- Pay attention in the class room at drop off – I’ve taken to scanning the white board and looking at the activities set out, so I can then try and guide the conversation later to include what I’ve seen, and in the last couple of days, that has meant we’ve had some conversations where I can vaguely follow what she’s telling me.
- Find some space and time in the evening where you can relax and allow the conversation to flow out – I’ve found that by having a bath with her and the baby after supper and just sitting and listening that she’s been able to tell me all about the writing she is learning. Not the most relaxing bath for me, granted, but still.
2. Keep your ears (and eyes) open: Lots *is* happening, it’s just hard to work out what or how to find out when you don’t know what you’re trying to uncover.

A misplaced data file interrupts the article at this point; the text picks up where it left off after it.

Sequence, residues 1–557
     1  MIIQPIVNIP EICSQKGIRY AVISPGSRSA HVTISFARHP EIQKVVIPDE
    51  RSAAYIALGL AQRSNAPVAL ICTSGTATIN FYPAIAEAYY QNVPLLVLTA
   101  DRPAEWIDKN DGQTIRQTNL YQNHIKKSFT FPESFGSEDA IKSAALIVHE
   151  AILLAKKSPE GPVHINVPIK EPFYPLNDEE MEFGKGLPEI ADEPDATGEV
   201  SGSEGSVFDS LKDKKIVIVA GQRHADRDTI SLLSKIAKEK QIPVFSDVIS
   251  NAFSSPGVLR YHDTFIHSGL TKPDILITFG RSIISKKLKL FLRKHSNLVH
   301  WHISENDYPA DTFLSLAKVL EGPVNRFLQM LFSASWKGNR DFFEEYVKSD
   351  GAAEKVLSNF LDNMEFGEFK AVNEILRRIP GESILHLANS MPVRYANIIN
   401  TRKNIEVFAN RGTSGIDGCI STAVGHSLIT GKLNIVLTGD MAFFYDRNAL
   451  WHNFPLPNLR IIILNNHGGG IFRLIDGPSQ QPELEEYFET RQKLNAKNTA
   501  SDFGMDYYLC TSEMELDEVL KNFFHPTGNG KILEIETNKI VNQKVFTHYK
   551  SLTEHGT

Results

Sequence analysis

For example, it seems our school has various after school clubs which are different to the ‘after school club’ (if that makes any sense) – i.e. there is *the* after school club on til 6/6.30pm every day BUT there are also things like drama and music and French and yoga which run until around 4.30/4.45pm and which any child in the relevant year group can sign up for and pay for. Except it wasn’t mentioned (I don’t think) at the info evening last year or how to sign up and it was only when Pip asked why she wasn’t allowed to go to drama that I realised this was an option.
I went to the office and enquired and was given an email address, but told bluntly that the classes were all full and I should have signed up back in June. Lo and behold, on the wall by the office is a list of the classes and contact details. I had just never seen it before.
Likewise, read the posters on the doors!